ECS A970M-A Deluxe Motherboard Reviewformerstaff -
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ECS A970M-A Introduction
Last week we took a look at ECS Elite Group's Golden Version of their FM2 Trinity motherboard platform. Today we have a budget oriented solution for the AM3/AM3+ and FX line of AMD processors. The preferred chipset for the enthusiast and heavy overclocker is, and has been, the 990X/FX Chipset. Usually in the range as twice as much price wise, as you might suspect , you are paying for more PCIe lanes/bandwidth, usually a few more phases and/or beefier VRM, more and flexible ways to attain that epic overclock, and the extra bells and whistles that go with it all including a couple more SATA ports. There is a more cost-friendly nest for your AM3+ CPU however, and that is what we have on the bench here today. Much like the ECS FM2 solution I had the chance to bring you last week, this AM3/AM3+ solution is populated with golden accouterments both for the eyeballs' pleasure and the logistics of connectivity. The AMD 970 chipset boards don't garner near the fanfare and accolades of their high-end brethren, so you may not have had the chance to see anything of much depth on them. The ECS A970M-A Deluxe will not require you to break out the dent puller for your wallet, so sit back and have a look at this low cost and high feature home for your AMD processor.
For those not familiar with, or have traditionally looked past ESC when selecting components, a very brief history is in order.
ECS Elite Group is located in Taipei Neihu Technology Park, and was established in 1987. It's a manufacturer of not only motherboards, but notebooks, graphic cards, and a host of mobile devices. Over the years, ECS has been the first to market with many products including the first dual processor Pentium motherboard in 1996 and the first 64-bit motherboard in 1992. In 2002, ECS surpassed the two million unit-per-month milestone in motherboard sales. It's time to get our gold on and have a look at the ECS A970M-A (Black Deluxe).
ECS A970M-A Closer Look
The ECS A970M-A is packaged in a relatively modest retail pack by todays standards, with no multi-level box scheme or Velcro tabs holding down thick flaps that reveal windows (or are they drool guards?). The A970M-A is an smaller, efficiently packed black handled box that lacks glitter and gets straight to the point.
As with other ECS motherboards, a fair bit of space is dedicated to making sure that the consumer knows they use 3 x the gold in the manufacturing of their boards and extolling the virtues of the more efficient conductivity, both thermal and electrical. The gold is used in places around the board such as pin contact, PCIe slots, and DIMM contacts. For the eyeball and side window gazing, there is plenty of aesthetic gold placement as well.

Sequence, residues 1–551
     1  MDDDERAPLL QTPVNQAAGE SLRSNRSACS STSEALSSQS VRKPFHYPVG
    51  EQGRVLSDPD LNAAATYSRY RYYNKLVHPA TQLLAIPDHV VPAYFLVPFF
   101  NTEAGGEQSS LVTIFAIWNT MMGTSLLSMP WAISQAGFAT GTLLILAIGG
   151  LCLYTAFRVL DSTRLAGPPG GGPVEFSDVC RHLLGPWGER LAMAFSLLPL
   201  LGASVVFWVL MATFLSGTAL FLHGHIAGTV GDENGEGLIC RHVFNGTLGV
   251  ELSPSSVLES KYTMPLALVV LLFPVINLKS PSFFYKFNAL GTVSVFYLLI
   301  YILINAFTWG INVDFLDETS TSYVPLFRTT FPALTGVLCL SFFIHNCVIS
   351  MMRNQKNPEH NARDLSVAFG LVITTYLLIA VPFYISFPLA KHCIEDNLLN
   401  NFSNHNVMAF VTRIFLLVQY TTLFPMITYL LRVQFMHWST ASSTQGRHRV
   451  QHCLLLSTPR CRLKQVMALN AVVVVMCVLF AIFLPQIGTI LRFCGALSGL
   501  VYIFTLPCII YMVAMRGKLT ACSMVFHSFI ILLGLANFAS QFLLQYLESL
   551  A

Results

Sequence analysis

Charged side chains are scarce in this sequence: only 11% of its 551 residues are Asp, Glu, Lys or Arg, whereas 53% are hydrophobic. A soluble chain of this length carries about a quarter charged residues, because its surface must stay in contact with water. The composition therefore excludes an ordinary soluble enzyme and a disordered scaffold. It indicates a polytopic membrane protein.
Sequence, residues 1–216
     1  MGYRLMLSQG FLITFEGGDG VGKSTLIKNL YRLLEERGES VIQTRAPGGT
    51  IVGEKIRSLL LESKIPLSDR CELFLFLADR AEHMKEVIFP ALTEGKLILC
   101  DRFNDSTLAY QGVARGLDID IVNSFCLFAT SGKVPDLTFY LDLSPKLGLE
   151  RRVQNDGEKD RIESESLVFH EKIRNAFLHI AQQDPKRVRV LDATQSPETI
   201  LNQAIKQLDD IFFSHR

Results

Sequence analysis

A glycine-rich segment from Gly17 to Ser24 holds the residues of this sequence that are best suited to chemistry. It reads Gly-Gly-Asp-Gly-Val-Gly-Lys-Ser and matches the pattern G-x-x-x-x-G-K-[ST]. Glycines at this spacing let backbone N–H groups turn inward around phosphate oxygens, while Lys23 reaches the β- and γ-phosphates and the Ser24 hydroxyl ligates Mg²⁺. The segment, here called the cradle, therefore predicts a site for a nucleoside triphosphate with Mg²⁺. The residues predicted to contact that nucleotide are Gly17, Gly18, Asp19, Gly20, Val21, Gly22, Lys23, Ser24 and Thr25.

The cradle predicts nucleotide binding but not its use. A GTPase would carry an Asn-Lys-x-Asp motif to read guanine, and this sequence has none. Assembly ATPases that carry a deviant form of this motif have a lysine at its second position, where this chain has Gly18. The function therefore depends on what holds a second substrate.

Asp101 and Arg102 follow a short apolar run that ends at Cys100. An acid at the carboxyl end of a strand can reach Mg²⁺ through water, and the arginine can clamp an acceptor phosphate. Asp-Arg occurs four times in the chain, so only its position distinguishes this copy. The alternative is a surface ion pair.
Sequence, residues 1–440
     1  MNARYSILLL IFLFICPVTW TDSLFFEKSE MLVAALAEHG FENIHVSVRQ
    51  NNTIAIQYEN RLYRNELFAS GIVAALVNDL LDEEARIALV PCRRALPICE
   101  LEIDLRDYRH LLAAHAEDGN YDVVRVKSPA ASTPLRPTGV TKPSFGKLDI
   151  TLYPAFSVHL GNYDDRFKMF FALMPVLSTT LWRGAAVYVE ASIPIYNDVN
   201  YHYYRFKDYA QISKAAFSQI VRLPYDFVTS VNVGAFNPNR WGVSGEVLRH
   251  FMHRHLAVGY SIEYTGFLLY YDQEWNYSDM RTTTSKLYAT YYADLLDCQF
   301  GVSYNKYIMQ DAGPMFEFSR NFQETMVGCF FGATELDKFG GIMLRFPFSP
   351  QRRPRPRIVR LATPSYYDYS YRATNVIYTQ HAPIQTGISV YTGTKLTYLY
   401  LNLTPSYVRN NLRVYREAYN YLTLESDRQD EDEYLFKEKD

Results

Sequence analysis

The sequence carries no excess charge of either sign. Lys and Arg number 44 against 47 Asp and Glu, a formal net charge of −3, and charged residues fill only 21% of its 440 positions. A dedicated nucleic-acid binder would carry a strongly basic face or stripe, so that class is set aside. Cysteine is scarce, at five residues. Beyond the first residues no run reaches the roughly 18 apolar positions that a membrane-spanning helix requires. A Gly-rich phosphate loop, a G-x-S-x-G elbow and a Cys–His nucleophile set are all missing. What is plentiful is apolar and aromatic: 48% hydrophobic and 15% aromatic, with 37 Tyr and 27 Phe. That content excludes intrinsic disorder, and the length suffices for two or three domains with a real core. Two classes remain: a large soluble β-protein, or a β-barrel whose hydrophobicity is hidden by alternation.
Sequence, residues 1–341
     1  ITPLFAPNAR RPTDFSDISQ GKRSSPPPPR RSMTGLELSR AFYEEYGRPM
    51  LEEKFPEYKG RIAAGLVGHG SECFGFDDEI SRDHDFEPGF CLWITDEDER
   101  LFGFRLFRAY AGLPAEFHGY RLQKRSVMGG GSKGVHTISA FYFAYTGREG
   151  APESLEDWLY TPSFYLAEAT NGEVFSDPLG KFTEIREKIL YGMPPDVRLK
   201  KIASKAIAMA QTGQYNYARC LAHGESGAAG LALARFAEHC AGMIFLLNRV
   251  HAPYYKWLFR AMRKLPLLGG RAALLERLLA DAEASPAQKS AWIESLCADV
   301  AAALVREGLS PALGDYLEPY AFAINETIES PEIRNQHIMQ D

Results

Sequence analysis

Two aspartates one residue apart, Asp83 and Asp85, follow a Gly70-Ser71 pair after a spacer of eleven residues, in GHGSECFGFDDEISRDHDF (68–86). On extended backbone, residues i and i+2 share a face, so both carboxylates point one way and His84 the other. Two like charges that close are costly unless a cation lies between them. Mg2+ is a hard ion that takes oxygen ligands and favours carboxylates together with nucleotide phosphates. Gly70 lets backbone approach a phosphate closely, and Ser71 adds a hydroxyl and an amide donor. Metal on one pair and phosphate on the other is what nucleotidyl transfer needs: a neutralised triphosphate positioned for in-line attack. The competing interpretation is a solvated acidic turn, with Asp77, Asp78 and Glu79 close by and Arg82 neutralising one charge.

Popping the top we see the gold highlights from outside the prerequisite anti-static protective bag. Amongst the anodized pieces is something a bit different than I have worked with thus far: a feature that ECS has dubbed the 'ECS Anti Dust Shield'. I will have more on that here in a bit. It seems that the disclaimer you have seen in every motherboard manual ever printed that reads "exact motherboard layout is subject to change without notice" has been exercised here. The board pictured on the box seems to have a previous version pictured with a different northbridge heatsink and the lack of the ADS or Anti Dust Shield. Let's let the kitty out of the burlap and find out what is actually inside the black box.
The included accessory bundle is rather standard fare for a board in this price range. Included are five SATA cables that cover all of the on-board SATA ports (a nice feature), a very plain looking rear I/O plate, a full manual and system utility disc, and lastly a full color poster style folded illustrated setup guide. Along the top of the box is a lineup of supported hardware and software from the latest FX series processors to THX sound.
The ECS A970M-A Looks to be one of the more interesting 970 outfitted boards out there. Time to go round that black PCB and see what ECS has assembled here for the AM3+ user who may not need all of the 990FX features.